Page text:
This evaluation looked at data from 103 mediations and 260 participants. Mediation resulted in agreement on all or some of the issues 87% of the time, and in those cases in which Alaska Protective Services was involved, 91% of the agreements were found to have "an acceptable level of risk." Agreements were more likely to be reached for living arrangements, level of care needed, whether guardianship or conservatorship was needed, and how decisions should be made. Plans for dealing with family conflict were least likely to be agreed upon at mediation.
Participants were largely satisfied with the process and felt they were listened to, understood, and treated fairly and with respect. There were no differences in these responses based on the participants' role. Interviews suggested that mediation reduced the number of contested hearings; however, there was insufficient data to verify this.
Description of Study: Evaluation of the outcomes of the first three years of a statewide program.
Method: Examined court data and post-mediation surveys of participants.
Sample Size: 103 mediations and 260 participants and parties
Variables Examined: Settlement rate, mediation agreements, post-mediation contested hearings, party satisfaction with the process
Program Variables: New voluntary program. The program contracted with private mediators who had been trained in adult guardianship mediation and completed a mentorship. Services were provided at no charge to the participants. The program used the facilitative, problem-solving model of mediation. Half of the mediations were scheduled just after the petition was first filed. The other half were scheduled when guardianship had been in place for “some time”. 46% of the mediations were completed in one session. Another 36% were completed in 2 or 3. Time in mediation ranged from 30 to 1,200 minutes. The mean was 4 hours 48 minutes.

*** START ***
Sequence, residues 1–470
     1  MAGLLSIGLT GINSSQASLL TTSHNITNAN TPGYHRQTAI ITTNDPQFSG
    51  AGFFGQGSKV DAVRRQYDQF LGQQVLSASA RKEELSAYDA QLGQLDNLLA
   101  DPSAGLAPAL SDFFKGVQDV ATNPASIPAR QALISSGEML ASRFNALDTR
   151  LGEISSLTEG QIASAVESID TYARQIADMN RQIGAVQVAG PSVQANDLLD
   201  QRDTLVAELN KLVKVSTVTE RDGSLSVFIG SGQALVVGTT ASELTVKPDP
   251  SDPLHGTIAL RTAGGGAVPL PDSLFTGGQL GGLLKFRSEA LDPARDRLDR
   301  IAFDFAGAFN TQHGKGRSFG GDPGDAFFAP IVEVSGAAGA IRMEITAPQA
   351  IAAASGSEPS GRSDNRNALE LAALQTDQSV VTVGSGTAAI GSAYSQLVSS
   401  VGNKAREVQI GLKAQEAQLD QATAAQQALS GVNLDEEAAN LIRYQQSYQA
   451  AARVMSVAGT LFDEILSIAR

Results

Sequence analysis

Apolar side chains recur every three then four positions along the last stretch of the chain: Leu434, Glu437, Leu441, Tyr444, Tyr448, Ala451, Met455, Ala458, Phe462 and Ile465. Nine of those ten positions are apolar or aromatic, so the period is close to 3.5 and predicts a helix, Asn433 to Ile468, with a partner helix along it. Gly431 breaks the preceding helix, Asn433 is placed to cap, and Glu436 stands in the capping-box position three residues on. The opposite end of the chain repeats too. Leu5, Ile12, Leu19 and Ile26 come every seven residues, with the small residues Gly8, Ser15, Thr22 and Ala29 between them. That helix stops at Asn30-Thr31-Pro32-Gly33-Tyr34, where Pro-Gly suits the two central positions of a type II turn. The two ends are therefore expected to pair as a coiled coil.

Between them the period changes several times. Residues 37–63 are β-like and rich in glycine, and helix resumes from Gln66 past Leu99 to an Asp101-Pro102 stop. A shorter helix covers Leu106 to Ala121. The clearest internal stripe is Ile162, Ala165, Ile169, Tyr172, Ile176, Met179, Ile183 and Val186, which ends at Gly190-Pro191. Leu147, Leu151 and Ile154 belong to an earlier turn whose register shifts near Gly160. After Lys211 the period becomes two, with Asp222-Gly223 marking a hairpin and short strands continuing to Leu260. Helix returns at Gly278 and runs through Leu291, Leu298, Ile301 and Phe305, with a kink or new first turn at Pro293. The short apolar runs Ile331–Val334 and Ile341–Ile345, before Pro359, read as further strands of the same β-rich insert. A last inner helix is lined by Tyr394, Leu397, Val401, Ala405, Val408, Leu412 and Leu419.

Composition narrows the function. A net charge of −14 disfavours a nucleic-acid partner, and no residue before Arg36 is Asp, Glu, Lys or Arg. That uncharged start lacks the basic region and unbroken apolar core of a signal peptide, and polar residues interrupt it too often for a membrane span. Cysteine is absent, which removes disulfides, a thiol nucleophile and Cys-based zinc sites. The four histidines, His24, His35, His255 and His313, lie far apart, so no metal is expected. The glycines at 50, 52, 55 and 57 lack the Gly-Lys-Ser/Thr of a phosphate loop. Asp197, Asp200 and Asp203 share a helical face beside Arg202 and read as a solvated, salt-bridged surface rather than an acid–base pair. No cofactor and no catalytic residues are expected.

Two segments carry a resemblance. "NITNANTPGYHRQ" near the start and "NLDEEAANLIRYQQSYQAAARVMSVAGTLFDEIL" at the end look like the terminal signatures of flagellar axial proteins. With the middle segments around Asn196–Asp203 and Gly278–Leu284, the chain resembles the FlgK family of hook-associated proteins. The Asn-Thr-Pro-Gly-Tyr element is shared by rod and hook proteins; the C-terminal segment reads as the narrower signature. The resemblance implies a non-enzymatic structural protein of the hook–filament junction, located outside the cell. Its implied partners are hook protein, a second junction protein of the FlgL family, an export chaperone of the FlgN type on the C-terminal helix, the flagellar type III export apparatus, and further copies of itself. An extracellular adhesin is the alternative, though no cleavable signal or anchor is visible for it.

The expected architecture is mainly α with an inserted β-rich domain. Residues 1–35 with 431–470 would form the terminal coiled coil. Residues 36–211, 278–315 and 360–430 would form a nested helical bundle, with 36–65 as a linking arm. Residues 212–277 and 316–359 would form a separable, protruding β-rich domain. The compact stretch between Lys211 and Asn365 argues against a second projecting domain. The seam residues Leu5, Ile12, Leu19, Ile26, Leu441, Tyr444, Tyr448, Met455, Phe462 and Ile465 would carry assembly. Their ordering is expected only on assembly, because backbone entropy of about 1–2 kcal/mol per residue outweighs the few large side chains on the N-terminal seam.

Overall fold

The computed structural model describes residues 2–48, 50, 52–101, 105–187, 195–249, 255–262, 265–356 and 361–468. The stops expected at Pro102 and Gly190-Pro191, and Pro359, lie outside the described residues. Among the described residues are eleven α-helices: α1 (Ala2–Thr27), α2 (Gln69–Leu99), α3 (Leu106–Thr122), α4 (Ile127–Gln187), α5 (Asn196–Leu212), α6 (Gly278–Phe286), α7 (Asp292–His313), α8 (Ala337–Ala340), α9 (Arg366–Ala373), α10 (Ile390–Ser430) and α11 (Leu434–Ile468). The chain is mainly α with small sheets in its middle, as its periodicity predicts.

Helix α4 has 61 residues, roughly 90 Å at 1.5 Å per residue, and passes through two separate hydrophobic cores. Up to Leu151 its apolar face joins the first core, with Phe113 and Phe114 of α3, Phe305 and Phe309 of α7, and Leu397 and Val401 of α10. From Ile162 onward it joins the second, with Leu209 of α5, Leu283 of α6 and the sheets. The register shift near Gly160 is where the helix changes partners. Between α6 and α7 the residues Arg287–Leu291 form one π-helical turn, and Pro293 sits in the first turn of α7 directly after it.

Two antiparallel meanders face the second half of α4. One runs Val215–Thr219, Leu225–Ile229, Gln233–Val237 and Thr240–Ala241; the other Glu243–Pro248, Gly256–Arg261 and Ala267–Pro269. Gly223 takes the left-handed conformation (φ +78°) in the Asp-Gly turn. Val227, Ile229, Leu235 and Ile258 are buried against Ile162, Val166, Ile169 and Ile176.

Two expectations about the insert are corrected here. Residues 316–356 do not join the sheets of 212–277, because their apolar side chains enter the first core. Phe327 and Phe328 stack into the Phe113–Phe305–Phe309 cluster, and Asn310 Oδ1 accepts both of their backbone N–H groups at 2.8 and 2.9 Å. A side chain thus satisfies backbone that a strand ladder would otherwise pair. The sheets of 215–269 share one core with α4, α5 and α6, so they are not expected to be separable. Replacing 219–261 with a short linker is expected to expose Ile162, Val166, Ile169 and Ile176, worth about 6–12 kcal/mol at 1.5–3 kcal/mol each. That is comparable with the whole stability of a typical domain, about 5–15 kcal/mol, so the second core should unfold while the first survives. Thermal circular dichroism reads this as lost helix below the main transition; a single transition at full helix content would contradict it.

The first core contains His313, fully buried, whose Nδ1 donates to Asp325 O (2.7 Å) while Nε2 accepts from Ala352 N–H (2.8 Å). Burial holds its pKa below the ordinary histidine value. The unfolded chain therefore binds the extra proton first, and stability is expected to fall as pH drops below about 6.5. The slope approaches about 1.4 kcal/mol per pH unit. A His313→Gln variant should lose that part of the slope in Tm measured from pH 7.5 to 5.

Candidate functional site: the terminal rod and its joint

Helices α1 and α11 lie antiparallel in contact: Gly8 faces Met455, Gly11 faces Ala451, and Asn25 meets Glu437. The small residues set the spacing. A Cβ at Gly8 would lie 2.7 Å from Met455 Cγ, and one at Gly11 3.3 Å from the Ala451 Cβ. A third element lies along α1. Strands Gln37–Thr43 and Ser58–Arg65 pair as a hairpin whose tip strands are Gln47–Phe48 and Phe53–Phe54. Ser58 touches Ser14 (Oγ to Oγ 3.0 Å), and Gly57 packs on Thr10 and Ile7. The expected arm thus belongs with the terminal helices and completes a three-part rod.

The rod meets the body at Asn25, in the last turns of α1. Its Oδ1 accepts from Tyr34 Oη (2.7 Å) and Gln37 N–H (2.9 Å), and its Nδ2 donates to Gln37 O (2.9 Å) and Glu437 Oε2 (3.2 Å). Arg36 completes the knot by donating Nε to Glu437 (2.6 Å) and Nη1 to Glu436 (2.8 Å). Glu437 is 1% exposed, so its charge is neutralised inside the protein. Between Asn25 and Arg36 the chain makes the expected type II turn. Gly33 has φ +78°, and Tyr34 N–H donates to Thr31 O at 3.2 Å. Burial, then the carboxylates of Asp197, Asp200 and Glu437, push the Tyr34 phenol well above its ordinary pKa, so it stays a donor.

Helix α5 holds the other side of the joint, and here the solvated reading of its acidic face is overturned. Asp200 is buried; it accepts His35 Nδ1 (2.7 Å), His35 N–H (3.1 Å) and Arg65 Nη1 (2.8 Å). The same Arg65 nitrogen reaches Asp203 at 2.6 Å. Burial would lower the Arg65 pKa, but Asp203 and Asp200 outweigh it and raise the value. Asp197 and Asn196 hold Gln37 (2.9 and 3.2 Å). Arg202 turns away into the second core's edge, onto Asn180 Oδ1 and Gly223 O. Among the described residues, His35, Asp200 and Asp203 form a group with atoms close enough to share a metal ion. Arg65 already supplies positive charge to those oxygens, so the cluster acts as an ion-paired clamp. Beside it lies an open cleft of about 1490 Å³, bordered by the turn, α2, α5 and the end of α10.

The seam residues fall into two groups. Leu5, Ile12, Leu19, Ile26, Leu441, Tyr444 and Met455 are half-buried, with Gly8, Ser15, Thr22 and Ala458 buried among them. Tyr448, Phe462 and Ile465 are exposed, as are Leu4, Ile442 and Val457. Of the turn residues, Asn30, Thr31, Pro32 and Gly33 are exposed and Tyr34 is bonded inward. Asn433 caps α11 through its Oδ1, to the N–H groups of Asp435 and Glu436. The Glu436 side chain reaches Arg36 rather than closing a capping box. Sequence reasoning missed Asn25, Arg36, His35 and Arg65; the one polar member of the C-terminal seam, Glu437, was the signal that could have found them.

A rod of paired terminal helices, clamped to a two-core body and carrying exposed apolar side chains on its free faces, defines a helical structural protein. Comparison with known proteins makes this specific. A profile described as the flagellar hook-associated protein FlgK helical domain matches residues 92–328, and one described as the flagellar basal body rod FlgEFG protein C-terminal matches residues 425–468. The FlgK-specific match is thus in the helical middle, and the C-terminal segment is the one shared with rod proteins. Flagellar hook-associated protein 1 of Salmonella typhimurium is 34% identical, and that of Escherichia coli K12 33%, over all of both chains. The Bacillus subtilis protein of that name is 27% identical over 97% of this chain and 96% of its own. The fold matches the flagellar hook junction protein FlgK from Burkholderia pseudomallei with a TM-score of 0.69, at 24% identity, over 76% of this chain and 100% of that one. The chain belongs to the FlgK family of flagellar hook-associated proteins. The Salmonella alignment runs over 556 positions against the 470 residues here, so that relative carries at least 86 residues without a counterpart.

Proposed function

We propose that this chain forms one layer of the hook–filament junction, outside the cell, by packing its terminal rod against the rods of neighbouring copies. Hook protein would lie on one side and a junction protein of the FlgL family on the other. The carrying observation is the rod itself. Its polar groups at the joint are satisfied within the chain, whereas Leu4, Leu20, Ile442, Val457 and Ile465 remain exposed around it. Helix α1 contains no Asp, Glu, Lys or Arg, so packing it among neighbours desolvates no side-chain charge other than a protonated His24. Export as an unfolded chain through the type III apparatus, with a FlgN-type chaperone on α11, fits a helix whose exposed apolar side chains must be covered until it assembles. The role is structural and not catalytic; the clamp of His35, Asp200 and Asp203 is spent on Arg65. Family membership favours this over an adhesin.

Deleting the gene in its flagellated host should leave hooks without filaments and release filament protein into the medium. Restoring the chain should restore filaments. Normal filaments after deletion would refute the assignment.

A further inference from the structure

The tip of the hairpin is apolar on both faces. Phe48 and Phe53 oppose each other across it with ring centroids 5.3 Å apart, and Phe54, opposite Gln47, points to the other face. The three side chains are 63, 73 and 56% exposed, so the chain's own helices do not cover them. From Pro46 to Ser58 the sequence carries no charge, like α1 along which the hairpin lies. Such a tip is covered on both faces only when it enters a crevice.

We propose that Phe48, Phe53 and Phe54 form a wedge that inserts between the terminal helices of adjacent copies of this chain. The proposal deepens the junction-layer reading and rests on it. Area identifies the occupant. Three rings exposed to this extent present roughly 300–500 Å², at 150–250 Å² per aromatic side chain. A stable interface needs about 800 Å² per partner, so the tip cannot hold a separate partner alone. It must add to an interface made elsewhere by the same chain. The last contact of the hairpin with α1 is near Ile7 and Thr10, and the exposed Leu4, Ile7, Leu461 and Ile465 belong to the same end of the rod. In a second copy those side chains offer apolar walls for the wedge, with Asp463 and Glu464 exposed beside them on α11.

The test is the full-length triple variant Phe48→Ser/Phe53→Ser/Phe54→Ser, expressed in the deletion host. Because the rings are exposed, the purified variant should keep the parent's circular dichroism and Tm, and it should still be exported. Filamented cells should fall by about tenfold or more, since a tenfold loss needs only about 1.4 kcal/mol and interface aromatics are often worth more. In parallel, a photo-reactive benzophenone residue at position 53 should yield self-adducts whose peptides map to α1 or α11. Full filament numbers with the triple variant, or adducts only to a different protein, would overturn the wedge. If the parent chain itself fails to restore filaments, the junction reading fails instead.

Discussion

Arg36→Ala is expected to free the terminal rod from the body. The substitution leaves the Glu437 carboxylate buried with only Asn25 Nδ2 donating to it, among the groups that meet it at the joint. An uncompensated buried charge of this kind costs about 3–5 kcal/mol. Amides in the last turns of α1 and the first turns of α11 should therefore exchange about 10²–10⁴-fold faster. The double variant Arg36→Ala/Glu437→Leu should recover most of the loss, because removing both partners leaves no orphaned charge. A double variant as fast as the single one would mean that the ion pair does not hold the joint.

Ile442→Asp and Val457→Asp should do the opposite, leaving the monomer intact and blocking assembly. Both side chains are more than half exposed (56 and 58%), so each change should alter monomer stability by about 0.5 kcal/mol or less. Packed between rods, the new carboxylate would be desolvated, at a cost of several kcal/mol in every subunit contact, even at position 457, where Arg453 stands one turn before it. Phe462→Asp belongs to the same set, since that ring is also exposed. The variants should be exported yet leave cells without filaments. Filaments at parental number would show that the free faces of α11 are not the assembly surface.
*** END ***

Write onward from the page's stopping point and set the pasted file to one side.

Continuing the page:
Findings: 87% of mediations ended in agreement. Issues most likely to be settled were: whether a guardian was needed and who it should be (86%); level of care needed (88%); living arrangements for the adult (90%); and how decisions should be made (83%). Least likely to reach agreement were issues surrounding how the family should deal with conflict (59%). 91% of participants were satisfied with the agreement. Almost all would recommend mediation to others. Data suggests that mediation reduced the number of contested hearings by 80 or 90 over the three year study period. Each referral cost an average of $1,380.